If you’ve ever watched any of the dozens of reality cooking shows on TV, you know that life in the kitchen is fast-paced, complicated and stressful. Cook, Serve, Delicious! aims to recreate that feeling of running a restaurant, which is both difficult and strangely addictive. The sequel offers a significantly different experience by placing you in the role of “Chef for Hire” where you lend your talents to over 30 restaurants featuring food ranging from greasy hot dogs and burgers to high end Asian and seafood.
The new direction in Cook, Serve, Delicious! 2!! is a vast change from the original. The game consists of what are essentially challenge levels based around the theme of the restaurant. Each new location has 10-15 levels of increasing difficulty to tackle. Difficulty comes in the form of more menu items that customers can order and more overall customers you can have at once. The easiest levels will offer three different menu items and six slots for customer orders, while the most difficult levels will challenge you with 6 menu items, usually of higher complexity and up to twelve customers at once. In other words, it can get pretty hectic.
The flow of Cook, Serve, Delicious! 2!! has not changed much in the sequel. Orders come in, you select them and start cooking. Each food item is different, some being as simple as putting ketchup and mustard on a corn dog while others are complicated, such as pizza which offers a variety of sauces and crust types in addition to about a dozen different toppings. Every item is customized to the customer, meaning you must read the description and make sure you don’t mess up. You are also running up against the clock; customers that will eventually leave if they don’t get their food in time.
A new, cool addition to Cook, Serve, Delicious! 2!! is the idea of holding stations. In the original, every item was made to order. Now you have certain foods that can be prepped beforehand. You can have hot dogs, chicken strips, slices of pie and more available to be served the second customers order them. Some of these items require no extra work and those orders can be filled instantly if you have them ready. Others, such as hamburgers, mean you don’t have to wait for the patty to cook, you can instantly go in and top it and serve it to the customer. Holding stations also add another layer of strategy to manage. You definitely don’t want to find yourself mid-dinner rush out of items, suddenly having to either cook each one individually or stop and refill your holding stations.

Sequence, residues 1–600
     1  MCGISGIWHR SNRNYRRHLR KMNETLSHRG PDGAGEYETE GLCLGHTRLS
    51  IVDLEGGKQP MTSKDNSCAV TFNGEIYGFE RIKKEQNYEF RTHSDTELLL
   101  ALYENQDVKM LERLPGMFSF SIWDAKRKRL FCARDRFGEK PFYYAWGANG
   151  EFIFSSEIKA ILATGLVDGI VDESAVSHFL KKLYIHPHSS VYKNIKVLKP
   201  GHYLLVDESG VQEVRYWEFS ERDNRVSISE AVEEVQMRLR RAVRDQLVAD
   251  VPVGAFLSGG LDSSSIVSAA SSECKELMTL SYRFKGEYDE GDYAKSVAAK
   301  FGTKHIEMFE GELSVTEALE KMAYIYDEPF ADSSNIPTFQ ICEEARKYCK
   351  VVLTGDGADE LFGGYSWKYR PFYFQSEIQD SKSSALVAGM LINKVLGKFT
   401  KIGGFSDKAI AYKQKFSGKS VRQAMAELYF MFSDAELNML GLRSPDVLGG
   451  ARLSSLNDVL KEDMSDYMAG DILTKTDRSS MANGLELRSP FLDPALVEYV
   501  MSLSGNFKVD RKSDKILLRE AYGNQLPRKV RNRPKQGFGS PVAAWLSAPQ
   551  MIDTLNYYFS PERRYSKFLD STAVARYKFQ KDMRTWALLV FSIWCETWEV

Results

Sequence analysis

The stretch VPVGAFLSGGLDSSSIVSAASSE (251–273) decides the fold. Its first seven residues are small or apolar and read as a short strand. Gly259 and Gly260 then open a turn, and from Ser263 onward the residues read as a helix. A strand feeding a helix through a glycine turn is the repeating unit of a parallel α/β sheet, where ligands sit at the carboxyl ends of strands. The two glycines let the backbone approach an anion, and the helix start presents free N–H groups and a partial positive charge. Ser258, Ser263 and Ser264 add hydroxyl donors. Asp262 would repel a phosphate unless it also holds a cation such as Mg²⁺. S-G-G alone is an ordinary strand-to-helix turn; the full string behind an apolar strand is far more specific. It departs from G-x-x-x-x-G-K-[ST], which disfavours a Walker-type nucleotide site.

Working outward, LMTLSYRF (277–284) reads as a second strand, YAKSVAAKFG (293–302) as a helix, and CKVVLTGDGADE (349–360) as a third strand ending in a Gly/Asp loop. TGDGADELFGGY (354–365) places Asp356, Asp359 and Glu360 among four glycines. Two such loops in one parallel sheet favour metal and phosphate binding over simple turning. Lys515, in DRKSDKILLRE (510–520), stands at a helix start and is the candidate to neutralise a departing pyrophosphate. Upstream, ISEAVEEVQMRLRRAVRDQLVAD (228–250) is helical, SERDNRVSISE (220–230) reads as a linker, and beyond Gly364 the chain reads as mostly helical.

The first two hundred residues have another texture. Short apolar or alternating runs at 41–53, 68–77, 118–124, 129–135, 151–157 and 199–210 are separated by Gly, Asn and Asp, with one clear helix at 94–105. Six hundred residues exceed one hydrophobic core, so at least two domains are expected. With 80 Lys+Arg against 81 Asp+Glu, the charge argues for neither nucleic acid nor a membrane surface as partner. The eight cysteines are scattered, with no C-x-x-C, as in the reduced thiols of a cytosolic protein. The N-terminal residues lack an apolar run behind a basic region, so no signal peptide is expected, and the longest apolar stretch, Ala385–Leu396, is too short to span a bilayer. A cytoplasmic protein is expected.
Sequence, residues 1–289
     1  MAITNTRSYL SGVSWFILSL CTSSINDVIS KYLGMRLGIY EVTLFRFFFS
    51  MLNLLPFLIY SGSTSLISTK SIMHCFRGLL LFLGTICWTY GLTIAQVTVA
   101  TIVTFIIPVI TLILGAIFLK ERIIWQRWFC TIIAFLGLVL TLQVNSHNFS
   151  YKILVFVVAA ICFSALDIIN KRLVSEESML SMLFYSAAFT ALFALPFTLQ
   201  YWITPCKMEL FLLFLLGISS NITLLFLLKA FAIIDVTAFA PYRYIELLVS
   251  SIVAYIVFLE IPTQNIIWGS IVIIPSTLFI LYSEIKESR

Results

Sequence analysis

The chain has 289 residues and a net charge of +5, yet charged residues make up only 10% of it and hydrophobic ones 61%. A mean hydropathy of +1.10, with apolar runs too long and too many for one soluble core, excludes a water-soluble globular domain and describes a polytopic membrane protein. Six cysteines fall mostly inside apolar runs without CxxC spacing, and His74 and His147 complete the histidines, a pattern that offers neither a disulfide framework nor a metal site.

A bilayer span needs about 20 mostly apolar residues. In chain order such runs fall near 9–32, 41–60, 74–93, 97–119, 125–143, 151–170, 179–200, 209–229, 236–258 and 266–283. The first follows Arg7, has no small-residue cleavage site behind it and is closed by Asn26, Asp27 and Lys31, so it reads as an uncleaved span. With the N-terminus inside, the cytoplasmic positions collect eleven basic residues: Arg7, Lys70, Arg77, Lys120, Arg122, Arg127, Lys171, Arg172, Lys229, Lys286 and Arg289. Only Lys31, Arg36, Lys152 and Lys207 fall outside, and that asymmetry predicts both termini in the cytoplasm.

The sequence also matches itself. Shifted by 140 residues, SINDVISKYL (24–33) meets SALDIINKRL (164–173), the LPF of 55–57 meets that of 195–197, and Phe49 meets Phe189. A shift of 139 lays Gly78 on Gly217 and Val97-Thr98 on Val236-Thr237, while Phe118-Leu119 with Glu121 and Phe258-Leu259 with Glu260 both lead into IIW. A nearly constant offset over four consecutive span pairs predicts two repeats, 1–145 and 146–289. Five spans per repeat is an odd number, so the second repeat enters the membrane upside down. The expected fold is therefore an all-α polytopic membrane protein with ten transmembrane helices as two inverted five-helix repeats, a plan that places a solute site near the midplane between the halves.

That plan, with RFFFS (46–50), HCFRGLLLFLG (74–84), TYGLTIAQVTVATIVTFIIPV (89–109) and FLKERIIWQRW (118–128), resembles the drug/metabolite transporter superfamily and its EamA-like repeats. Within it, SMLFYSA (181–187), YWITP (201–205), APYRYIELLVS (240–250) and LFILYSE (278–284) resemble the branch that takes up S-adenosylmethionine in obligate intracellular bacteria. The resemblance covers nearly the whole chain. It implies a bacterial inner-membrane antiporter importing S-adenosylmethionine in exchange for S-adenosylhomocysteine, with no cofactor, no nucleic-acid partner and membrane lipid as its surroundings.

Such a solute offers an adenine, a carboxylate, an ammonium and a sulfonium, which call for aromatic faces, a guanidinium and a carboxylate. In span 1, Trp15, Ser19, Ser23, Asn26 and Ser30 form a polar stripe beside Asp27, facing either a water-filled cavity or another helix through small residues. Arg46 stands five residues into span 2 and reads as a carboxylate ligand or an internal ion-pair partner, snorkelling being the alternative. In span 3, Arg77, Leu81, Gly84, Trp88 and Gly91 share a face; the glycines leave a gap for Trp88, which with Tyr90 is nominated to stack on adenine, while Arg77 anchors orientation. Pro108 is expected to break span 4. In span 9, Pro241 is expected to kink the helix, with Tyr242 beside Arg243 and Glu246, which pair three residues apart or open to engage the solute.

The action of cooking and serving customers has evolved to be a little more streamlined in Cook, Serve, Delicious! 2!! There were 30 different types of food and drinks in the original game and you cooked them through a combination of arrow keys and letter keys. In the sequel there are over 180 items and input has been brought down to just letter keys, doing away with motions all together. This is slightly disappointing but seems like a necessary sacrifice, allowing the new items to be more complex and involved than the original game.